Tuesday, June 16, 2009

Behind the Club Gates


Sailing is a skill, and an art. Sailing is a wonderful escape, and a challenge that improves character. Heck, sailing can be almost anything we want it to be. How about sailing is a socially redeeming pastime? Well no, not usually.

Lets face it. As much as sailing has tried to change its image from a snob’s sport, from an exclusive playground for rich people, how much do we really do to make sailing relevant for more people? Is sailing an accessible sport, or does it persist as a barrier between us and the rest? How much do we do to make sailing accessible to people, who for whatever reason, are shut out of the sport? Usually, not much. Yes, occasionally regattas raise money for charitable purposes. That is an important endeavour, but it doesn’t change the reality of sailing. Usually sailing has a primary prerequisite: money.

Obviously, sailing has made some incremental steps. That is in keeping with larger social trends. I will even acknowledge that significant change has occurred. Sailing opportunities have improved. The pastime is not just for the upper crust anymore. Many clubs market themselves toward the upper middle class or the broader middle class. Very little exists for the larger population as a whole. Sometimes, it is simply the reality of the real costs that are the barrier. Some community-owned facilities are out there. Most waterfront is privatized. Worst of all, dinosaurs and intolerance persist. Some sailors are still looking for an exclusive, private social club with a country atmosphere. They are not trying to grow the sport, which is a different ambition (and not necessarily a progressive objective either). I have little patience for them.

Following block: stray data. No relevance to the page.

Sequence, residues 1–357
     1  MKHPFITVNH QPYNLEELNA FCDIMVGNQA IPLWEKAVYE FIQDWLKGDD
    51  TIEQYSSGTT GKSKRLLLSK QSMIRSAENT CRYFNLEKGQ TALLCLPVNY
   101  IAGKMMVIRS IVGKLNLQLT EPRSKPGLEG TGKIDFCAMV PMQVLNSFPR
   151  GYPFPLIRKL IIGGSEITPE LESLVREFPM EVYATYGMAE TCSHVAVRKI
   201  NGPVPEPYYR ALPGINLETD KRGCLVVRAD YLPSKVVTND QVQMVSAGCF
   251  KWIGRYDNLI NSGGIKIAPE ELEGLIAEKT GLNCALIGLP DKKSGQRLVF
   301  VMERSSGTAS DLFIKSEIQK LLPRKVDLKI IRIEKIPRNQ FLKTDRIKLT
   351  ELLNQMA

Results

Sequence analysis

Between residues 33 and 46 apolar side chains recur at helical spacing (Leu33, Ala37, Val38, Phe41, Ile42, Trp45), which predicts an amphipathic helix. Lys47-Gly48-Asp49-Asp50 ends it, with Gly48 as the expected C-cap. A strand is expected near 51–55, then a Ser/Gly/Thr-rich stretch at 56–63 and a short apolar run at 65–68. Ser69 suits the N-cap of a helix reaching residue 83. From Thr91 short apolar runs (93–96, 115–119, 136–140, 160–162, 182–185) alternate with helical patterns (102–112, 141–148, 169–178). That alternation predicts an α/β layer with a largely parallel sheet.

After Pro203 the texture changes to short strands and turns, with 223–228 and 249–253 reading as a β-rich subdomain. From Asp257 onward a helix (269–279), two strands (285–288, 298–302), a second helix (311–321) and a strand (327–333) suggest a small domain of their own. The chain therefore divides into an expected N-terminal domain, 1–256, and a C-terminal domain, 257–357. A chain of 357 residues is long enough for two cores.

At least we don't bar Jews anymore. Catholics go unoticed! I still don't see many women skippers. I still don't see many sailors of visible "minorities". Most importantly, I still don't recognize many people without a considerable amount of discretionary income. Yes, money, the final and most considerable barrier to social diversity and popular participation.
Organizationally, sailing is still caught in old ways. Culturally, many sailing venues have embraced the middle class in atmosphere, in acceptance of a more open environment, casual, and friendly. W.A.S.P.s are now bugs in the flower beds. Yes, we have moved from the dark ages. I suspect one persistent impediment is the political structure of the sport. Sailing is not really democratic. Clubs are ostensibly democratic, non-profit, private corporations, but they don't really operate democratically. Part of that is the reality of time available. Participation itself is a luxury. Part of it is that commitment is not the vaunted, socially engaging mechanism it used to be. As a result, those who commit, taking suffrage seriously, giving their time, they suffer. Too many want a free ride, or to pay plenty and be served. Some want to pay little and still be served! Beyond the club, sailing could use a transition similar to that of some political parties. Why is it that individual sailors don't have voting rights at provincial and national sailing organizations? We pay dues, but we don't have the franchise. Can sailing become a widely accessible sport without democratic structure? Do sailing organizations want to grow that broadly, or do they just want the money? In any case, our pastime gives evidence of class and exclusivity beyond organizational structures.

Perhaps sailing is a silly place to imagine blowing red trumpets. I think not though. Sailing like any pastime, is a cultural reflection of who we are, and makes for interesting observations of our behaviour, expectations and views. I see the persistence of class, even if now less obvious within the club gates.